Wednesday, 31 March 2021
Experts are still trying to fathom out how the coronavirus that causes Covid-19 made its disastrous way into the human population, and now a Belgian biologist has warned that a future pandemic could be in the process of being created right now, but much closer to home.
“The chance is real that a new worldwide epidemic could be created in our own part of the world,” Hedwig Leirs, biologist at the University of Antwerp, told the Gazet Van Antwerpen.
“The next pandemic could come from our own pigs, chickens or cows. After all, we live close by our animals, and by each other.”
Tropical areas of the world are still the most likely places for pandemics to start, because of the biodiversity and population density.” Examples include Sika, Ebola and HIV. But that combination is not unique. Western Europe carries its own risks.
“Here we combine three risks: intensive livestock farming, a high population density and, as far as bacterial infections are concerned, a high antibiotic resistance in the herd. Fortunately, the use of antibiotics has declined sharply in recent years.”
In intensive farming, animals like cows, pigs and chickens live in extreme proximity to each other, while farmworkers are in close contact with the animals.
“Most importantly of all, people live very close to each other. The perfect conditions for a virus: circulation in order to mutate, and a roomy playing field to become more infectious.”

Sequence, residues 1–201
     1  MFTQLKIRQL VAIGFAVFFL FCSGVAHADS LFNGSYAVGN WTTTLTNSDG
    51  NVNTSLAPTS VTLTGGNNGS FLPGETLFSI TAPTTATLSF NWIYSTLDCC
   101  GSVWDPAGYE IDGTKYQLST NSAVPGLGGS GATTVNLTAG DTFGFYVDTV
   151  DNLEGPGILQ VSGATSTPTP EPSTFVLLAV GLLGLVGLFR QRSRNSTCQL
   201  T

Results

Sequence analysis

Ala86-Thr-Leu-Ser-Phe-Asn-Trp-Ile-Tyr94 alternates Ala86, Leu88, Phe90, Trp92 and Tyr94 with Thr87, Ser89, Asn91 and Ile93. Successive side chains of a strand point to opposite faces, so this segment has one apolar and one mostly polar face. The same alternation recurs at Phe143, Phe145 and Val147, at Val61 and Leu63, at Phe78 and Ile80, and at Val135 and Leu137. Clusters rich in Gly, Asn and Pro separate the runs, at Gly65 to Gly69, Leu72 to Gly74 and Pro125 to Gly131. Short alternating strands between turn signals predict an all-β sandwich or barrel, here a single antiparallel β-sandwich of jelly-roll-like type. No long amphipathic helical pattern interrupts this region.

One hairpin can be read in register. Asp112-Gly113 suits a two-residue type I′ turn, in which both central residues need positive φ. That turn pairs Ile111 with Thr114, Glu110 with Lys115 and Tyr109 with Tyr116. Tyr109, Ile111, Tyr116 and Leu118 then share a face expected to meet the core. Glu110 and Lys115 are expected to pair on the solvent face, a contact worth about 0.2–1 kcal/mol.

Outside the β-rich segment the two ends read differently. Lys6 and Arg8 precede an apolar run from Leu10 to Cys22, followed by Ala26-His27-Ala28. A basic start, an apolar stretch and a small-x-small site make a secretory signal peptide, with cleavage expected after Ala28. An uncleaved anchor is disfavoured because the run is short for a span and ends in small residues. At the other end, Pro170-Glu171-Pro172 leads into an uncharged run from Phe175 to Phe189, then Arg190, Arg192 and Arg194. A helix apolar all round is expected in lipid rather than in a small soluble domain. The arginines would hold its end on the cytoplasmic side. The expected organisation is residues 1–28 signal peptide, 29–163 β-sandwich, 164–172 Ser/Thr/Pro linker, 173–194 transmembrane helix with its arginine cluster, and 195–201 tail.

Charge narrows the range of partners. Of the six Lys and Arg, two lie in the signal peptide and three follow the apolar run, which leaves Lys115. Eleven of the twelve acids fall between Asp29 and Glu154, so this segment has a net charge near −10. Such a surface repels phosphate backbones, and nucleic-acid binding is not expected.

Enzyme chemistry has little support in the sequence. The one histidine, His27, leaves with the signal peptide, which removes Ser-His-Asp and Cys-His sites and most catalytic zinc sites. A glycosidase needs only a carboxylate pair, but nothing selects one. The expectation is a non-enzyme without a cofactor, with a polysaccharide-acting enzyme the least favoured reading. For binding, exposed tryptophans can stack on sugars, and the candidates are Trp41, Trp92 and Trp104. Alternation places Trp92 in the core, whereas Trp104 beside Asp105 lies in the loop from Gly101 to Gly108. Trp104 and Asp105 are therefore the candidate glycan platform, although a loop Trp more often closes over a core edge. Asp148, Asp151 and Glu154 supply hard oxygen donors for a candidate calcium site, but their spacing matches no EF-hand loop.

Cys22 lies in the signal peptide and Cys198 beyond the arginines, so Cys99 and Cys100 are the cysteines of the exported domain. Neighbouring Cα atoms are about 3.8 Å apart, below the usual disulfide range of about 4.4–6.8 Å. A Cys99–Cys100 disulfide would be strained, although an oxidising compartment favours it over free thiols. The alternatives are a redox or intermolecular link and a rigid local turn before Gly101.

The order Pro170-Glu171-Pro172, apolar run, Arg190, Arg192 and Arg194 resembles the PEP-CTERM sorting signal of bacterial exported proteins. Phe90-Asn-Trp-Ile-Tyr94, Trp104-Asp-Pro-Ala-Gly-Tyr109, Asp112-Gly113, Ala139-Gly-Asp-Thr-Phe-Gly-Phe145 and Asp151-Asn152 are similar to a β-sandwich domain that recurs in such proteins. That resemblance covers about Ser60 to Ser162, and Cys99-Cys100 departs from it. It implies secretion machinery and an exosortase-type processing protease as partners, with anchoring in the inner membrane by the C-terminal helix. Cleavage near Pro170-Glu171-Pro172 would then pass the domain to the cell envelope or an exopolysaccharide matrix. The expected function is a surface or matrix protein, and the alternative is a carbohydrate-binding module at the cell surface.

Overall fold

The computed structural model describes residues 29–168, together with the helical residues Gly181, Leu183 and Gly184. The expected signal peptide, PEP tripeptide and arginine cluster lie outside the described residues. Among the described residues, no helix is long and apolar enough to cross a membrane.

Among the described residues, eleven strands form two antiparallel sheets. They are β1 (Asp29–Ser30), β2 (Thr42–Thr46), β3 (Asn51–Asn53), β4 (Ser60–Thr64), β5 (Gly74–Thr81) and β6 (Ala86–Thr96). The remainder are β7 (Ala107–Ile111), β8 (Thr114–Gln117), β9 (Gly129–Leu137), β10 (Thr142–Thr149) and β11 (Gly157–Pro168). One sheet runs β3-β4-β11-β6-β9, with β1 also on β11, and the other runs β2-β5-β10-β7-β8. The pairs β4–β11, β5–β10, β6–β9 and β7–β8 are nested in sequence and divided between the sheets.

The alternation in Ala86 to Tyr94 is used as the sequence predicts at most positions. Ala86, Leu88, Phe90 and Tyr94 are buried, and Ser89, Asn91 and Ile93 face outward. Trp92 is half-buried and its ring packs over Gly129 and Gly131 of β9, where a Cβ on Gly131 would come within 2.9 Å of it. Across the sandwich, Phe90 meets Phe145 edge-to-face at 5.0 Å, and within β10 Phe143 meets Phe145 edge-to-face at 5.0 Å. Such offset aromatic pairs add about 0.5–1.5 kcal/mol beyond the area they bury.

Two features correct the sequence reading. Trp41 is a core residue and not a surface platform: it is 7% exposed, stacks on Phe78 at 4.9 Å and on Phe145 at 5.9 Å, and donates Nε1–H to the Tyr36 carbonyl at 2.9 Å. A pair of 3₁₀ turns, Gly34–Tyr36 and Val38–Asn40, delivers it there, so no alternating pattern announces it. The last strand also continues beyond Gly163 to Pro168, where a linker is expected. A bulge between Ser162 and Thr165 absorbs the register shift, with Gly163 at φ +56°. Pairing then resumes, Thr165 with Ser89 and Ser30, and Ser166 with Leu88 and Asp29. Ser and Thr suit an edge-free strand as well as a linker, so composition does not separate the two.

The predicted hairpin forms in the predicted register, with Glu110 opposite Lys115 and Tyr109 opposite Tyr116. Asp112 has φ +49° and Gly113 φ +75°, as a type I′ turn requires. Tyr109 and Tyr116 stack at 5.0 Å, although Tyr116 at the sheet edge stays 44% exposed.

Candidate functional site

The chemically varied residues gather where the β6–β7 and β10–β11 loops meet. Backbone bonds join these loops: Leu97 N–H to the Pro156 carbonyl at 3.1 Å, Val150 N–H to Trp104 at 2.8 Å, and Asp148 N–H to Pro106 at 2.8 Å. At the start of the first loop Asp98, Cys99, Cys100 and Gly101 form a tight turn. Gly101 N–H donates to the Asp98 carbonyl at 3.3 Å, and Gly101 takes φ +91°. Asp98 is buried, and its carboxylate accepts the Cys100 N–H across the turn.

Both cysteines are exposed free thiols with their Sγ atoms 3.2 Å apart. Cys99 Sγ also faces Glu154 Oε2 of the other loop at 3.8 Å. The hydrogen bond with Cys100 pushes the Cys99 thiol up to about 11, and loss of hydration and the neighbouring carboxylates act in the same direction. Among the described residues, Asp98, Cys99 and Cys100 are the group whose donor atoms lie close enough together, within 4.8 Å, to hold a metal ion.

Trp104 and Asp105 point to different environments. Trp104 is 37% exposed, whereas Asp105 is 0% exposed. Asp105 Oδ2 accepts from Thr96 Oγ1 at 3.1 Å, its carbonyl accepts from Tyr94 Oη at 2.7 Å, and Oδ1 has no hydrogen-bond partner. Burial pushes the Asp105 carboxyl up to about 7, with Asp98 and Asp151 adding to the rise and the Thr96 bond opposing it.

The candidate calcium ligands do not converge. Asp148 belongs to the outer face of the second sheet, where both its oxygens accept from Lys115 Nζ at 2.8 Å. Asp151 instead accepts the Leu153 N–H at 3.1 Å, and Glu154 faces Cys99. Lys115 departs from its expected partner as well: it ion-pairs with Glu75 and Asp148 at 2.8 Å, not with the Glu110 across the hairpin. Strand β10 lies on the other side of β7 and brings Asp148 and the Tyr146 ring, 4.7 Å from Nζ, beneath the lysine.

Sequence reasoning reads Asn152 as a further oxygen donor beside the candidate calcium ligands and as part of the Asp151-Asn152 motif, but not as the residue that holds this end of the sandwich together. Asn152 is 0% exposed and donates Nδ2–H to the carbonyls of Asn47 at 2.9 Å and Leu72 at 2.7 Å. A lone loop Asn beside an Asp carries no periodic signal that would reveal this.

Leirs is interested in infectious diseases, especially those carried by rodents. It’s already happening with Covid-19.
“For example, we know that house mice were not really susceptible to the original variant, but they are for the British variant. Dogs also seem less susceptible than cats. We want to map those species precisely.”
Meanwhile, the world needs to understand that a new pandemic could be on the horizon.
“We should not assume that Covid-19 was our generation’s Spanish flu and that we are now a hundred years away from another pandemic,” he said.
“Viruses and their properties are being mapped, early detection and intervention systems are being developed, and drugs and vaccines are being researched that could work against new viruses. Hopefully, the current pandemic, which is ultimately a fairly mild virus compared to Ebola, except for the elderly, will make us realise that preparing for the worst is a useful tactic.”
The Brussels Times